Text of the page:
Collage artist Robin Bowman is a Pisces, but she swears that has nothing to do with her subject matter: beautifully realized fish collages in fabric and ceramic tiles that she creates in her Lakewood Ranch home studio.
The collages, made from up to 20 different brightly colored fabrics layered, hand-stitched and embellished with beads, depict redfish, sea trout, sailfish, bream and many other kinds of fish. She does the research so that they are anatomically correct, she says, “but what happens after that is the intuitive magic that happens with the artist in the studio.” Her snook, for example, will have its characteristic black stripe, but is depicted in a colorful, joyful style.
The fabric collages, as well as ceramic tiles, trivets and backsplashes with the fish images imprinted on them, are sold at art shows she travels to across Florida. (The prestigious American Craft Council also recently has included Bowman as one of its national juried artists.)
Bowman started her artistic adventures after moving here from Albany, N.Y., where she’d had a 21-year career in nursing. She comes from an artistic family; her mother actively pursued textile arts such as embroidery and sewing, and her father wanted to be an architect but was sidelined when his father died young and instead went into the family lumber business.
“My first toy was a box of crayons,” she says. “I feel that [my collage business] wasn’t a late-in-life beginning. It was a beginning in early life, but I just didn’t have the opportunity. I was interested in both arts and sciences in high school, but the guidance department steered me toward nursing school.”
Even after earning a master’s degree in nursing (she minored in art), working for more than two decades in postpartum care and teaching at the college level, “I kept the hope alive,” she says.
When Bowman moved to Florida to care for her ailing mother, she found the natural environment a kick-start for her art. “In Albany, from November through March you wake up every morning to a gray sky,” she says. “I respond well to the warm weather, the blue sky; my work is definitely not moody or depressing.”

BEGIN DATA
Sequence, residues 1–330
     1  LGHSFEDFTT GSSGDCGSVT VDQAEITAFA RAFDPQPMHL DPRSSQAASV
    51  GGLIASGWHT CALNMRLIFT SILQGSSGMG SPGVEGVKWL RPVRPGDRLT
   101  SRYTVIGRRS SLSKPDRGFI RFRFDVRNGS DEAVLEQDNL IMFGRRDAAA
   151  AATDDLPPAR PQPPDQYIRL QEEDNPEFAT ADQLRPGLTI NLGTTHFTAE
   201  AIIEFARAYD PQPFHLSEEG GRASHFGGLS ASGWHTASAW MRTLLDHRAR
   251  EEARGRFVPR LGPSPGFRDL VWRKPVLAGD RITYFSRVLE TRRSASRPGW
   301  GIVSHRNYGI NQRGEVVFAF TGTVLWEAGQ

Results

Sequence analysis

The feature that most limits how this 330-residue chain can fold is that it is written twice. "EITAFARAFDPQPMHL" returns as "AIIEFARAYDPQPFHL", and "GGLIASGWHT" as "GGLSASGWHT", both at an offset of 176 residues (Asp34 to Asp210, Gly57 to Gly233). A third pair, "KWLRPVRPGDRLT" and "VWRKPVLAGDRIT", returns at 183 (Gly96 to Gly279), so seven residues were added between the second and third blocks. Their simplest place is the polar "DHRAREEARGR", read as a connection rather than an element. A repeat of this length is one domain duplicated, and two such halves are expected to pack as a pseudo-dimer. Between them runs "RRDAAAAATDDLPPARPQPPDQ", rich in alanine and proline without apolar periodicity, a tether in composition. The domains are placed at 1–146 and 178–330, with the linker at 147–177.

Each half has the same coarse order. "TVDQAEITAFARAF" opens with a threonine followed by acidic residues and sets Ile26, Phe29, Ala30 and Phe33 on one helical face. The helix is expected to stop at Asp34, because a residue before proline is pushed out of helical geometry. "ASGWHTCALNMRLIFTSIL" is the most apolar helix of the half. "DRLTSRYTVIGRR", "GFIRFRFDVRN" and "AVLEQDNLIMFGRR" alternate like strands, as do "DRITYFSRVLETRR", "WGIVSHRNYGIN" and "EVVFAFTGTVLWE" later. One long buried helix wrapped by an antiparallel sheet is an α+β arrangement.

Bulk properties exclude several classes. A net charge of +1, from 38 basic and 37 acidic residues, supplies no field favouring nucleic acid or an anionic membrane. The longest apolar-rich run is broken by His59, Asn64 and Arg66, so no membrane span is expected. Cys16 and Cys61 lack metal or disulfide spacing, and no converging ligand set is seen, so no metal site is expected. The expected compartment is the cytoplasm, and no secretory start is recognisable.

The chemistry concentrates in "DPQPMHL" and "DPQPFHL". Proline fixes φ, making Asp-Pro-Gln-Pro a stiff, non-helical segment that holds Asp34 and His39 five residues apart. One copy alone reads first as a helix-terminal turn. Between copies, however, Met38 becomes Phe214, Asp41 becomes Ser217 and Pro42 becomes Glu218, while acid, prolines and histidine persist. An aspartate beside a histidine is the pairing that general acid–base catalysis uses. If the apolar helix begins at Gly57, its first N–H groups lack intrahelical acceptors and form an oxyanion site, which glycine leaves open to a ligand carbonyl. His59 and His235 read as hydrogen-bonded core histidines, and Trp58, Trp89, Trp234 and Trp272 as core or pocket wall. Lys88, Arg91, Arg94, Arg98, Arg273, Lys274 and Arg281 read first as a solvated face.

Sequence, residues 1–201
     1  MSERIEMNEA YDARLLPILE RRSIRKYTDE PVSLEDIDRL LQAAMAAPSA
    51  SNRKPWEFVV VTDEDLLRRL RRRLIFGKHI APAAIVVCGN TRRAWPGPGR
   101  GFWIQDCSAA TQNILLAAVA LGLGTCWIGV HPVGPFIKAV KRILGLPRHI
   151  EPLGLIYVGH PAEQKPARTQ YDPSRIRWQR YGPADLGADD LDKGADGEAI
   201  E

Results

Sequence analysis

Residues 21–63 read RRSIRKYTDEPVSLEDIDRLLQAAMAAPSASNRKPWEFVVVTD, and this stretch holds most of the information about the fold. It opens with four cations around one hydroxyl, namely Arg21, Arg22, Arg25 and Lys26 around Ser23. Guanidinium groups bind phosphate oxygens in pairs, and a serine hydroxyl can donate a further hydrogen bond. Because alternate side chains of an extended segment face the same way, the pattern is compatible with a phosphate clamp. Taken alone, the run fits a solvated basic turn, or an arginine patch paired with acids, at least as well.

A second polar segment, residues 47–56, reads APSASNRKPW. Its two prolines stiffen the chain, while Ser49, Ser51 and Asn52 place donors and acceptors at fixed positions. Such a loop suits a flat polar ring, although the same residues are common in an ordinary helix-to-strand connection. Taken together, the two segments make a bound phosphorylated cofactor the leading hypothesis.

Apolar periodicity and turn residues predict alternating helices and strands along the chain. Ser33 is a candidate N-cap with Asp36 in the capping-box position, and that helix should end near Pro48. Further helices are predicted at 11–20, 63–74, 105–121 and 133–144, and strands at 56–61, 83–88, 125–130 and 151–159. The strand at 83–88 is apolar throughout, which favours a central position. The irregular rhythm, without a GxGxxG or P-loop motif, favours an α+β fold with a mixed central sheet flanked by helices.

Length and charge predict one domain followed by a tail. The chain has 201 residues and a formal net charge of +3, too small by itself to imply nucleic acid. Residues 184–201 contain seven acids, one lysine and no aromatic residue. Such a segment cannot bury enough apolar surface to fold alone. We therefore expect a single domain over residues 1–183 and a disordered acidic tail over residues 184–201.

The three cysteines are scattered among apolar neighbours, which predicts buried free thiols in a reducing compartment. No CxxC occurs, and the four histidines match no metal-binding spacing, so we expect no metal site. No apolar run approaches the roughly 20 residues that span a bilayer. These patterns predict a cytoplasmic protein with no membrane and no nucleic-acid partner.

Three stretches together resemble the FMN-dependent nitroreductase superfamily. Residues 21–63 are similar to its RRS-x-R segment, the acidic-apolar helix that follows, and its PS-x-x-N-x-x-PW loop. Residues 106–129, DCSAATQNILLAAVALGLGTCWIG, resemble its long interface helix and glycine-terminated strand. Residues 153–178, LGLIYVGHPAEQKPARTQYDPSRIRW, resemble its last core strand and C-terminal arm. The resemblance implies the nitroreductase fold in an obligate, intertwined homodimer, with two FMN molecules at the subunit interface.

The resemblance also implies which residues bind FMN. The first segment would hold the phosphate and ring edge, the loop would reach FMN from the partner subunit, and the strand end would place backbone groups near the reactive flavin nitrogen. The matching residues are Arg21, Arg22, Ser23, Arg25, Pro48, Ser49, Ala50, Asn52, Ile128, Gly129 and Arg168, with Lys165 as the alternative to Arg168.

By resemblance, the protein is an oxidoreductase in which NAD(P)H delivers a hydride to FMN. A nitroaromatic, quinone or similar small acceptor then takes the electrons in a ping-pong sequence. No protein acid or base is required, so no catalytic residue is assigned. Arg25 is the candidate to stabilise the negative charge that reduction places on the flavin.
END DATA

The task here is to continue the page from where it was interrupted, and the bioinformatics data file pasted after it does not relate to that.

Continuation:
Bowman was inspired by the molas made by the Kuna Indians in Panama. They layer bright, solid-color fabrics, then cut down through the layers to reveal patterns and designs. “I opened a book about them, and thought, aha, I can do that, but I want to do it my own way with more patterns and more textures,” she says.
“My work has developed [through] the joy of taking various fabrics and putting them together,” she says. “The embellishment part has become out of control. I’m starting to incorporate recycled materials like netting from veggie bags from the grocery store, trims off old pillows and beads made of recycled magazines that African women have made.”
Bowman’s ceramic tiles came about when her sister, who was renovating her lake home up North, expressed an interest in incorporating her artwork but didn’t have much wall space. “She said, ‘It’s too bad we can’t do something on the kitchen backsplash,’” Bowman says. “Delightfully, I discovered that my original fabric collages, when photographed by a professional photographer, translate wonderfully to ceramic tile.” Now there’s a colorful bass right above her sister’s stove, and Bowman’s ceramic tiles are sold at gift shops in Bradenton and Sarasota.
“It’s amazing what happens when you take something you love and put it out there,” Bowman says. “I think about how lucky I am. How many people get the chance to have two careers in their lifetime that they absolutely love?”
To view her fabulous fish creations, visit www.robinbowmandesigns.com.